On Wednesday, the PLL and MLL announced their immediate merger.
We don’t know a ton, but we do know some things: the Boston Cannons will join the PLL as the rebranded Cannons Lacrosse Club, with an expansion draft determining its roster, and the PLL will keep the rights to all past MLL teams for possible expansion down the road.
But that’s about it, as of now. Surely, more details will come as this story develops, but for now, the lacrosse world is left wondering what the fallout will be of two professional field leagues combining into one.
What the PLL & MLL Merger Could Mean
Lots of People are Out of Work
We know the PLL intends to add the Cannons to its ranks, but their roster will be reformed in an expansion draft. That means current Boston Cannons player are without jobs, as are the rest of the players, coaches and staff who called the MLL home.
Some of them will find refuge within the PLL. Many of them won’t. There were 13 professional field lacrosse teams on Tuesday – there are now eight on Wednesday. That’s five teams of employees gone.
Remember, too, that the PLL utilizes a different team-building model than the MLL. Assuming that doesn’t change, that renders six front offices from the MLL obsolete. There go more jobs.
The sport of lacrosse could massively benefit from one major centralized field league, but there are undoubtedly plenty of individuals who are struggling today.
Will the PLL Maintain Its Tour Model?
The PLL is adding the now-former MLL markets to its city tour list. But how long will it stick with this model?
When the MLL existed, it made sense for the PLL to run its show differently. Now that the MLL is out of the way, will the PLL aim for a more traditional city-based model that all other major North American professional sports leagues use? Perhaps a hybrid model is something the league considers? Maybe we see no changes at all to the format, at least for the foreseeable future.
It remains unclear as to how this will affect the way the PLL operates its competition, if at all, but this is one of the biggest developments to follow. As of right now, there are no professional field lacrosse teams based in any American city.
Summer Lax Just Got More Competitive
There are now fewer opportunities to play professional field lacrosse, but that doesn’t mean those who are left out will stop picking up a stick.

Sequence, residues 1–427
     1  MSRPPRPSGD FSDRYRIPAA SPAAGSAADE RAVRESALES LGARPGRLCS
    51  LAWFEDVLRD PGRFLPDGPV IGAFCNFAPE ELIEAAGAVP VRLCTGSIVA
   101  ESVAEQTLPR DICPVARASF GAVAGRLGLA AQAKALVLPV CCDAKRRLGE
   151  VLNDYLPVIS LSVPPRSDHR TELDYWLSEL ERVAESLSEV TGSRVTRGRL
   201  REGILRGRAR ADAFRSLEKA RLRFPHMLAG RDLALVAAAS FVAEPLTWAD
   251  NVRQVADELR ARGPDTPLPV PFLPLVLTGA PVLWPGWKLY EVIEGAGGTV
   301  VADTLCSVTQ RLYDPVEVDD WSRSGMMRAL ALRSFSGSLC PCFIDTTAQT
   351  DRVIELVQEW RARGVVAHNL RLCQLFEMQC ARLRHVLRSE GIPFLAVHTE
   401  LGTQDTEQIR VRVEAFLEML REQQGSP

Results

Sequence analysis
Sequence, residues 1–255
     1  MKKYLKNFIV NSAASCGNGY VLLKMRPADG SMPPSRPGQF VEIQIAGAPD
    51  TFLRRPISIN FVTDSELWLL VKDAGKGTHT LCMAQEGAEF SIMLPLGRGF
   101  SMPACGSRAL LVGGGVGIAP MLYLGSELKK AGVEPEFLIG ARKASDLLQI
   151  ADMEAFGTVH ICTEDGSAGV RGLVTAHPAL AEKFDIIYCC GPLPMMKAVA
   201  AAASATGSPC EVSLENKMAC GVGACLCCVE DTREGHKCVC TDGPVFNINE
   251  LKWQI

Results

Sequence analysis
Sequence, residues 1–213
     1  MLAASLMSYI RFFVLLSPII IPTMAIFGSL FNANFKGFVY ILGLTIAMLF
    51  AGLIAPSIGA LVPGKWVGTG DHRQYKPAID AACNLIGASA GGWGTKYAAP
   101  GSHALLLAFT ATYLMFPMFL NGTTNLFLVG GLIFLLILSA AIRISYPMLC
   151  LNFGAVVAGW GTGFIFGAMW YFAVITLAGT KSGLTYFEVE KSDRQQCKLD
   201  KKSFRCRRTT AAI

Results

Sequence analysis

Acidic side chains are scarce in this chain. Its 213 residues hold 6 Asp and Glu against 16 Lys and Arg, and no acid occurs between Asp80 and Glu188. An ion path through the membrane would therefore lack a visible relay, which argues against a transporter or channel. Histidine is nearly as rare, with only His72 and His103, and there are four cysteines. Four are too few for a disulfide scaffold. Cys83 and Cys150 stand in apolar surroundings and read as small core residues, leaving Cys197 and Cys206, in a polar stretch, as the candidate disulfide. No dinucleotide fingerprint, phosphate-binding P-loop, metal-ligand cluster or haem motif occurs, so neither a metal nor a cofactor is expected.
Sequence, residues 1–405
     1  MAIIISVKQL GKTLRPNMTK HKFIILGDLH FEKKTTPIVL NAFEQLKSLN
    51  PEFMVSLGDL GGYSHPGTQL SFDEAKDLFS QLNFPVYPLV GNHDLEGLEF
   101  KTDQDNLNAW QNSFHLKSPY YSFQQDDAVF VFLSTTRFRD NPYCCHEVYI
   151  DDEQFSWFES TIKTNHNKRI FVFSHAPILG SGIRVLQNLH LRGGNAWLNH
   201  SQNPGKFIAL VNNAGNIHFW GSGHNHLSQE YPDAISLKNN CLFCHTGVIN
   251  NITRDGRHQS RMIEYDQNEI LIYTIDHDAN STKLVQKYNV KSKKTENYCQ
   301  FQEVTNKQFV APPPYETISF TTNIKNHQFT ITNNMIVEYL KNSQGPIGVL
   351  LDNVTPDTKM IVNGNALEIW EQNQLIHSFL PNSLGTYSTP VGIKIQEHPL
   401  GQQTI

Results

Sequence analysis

Summer tournaments like Vail, Placid, Ocean City and others are likely to add a good crop of high-end talent to their ranks. The former pros who now can’t make a roster will still need a way to get their lax fix, and with the MLL gone, it’s logical to assume many will look to these events as their outlets. If you’re a player in these tournaments, you might be more likely to share a field with a professional-caliber player, which is both exciting and terrifying depending on who you are. If you’re a fan who lives near one of these events, you may have just lucked into some really awesome lacrosse happening down the road.
Does This Mean Anything for the NLL?
While the NLL is in the box lacrosse realm, lacrosse is still lacrosse. Plenty of athletes have played in the NLL and PLL or MLL over the years, and the affects the leagues have had on one another is impossible to ignore.
As mentioned, there are now lots of lacrosse players, coaches and staffers out of work. The amount of opportunities in professional field lacrosse subtracted by almost half. Could it be possible that we’ll see less crossover from box and field pros now? Could players who would have otherwise stuck to the field game opt to try their hand at the indoor version of lacrosse because that’s where an opportunity is?
Also, there is now one fewer cook in the kitchen. With the NLL, PLL and MLL all in operation, it made it much harder for players to cross over between field and box. Now, with PLL and MLL merger, perhaps the PLL and NLL can come together to create an environment where the best players in the world get to compete on the biggest box and field stages and the rosters can be even more loaded than they already are now.
It’s unclear how this will affect the NLL and box lacrosse, but it’s hard to imagine that it won’t at all.
NLL commissioner Nick Sakiewicz released a statement on the merger between the PLL and MLL.
“A united front for outdoor lacrosse makes great sense for our sport, and as we have said consistently from the beginning , we can all grow best by working together and we will continue to maintain and expand our relationships across the global lacrosse ecosystem,” he said. “We congratulate our colleagues at the PLL and the MLL on their announcement today and with them, we are looking forward to a healthy and prosperous 2021 new year, with additional great news for the box game coming soon as well.”
What Does One Field League Mean for the Sport?
This is the biggest question of all and one that is likely on the forefront of most fans around the world. Prior to this merger, field lacrosse was split into two major leagues competing against one another for talent, time and attention. That competition is now gone. Is that a good thing?
It has been for other sports in similar situations in the past. It would be pretty hard to argue that the NBA-ABA merger wasn’t a boon for basketball. Same for the impact the AFL-NFL merger had on football and the NHL-WHA merger’s affect on hockey.
So, it would appear that this is a positive for the sport of lacrosse down the road. All field lacrosse attention, resources and talent can be centralized in one place, making it much easier to display the game and the best it has to offer to potential fans.
But we can’t know that that’s how this will go. Not yet, anyway. Perhaps in 20 years, it will be obvious that this day was a massive success for the sport of lacrosse. It could also not work out. There’s no way for us to know at this point. Just watch and find out.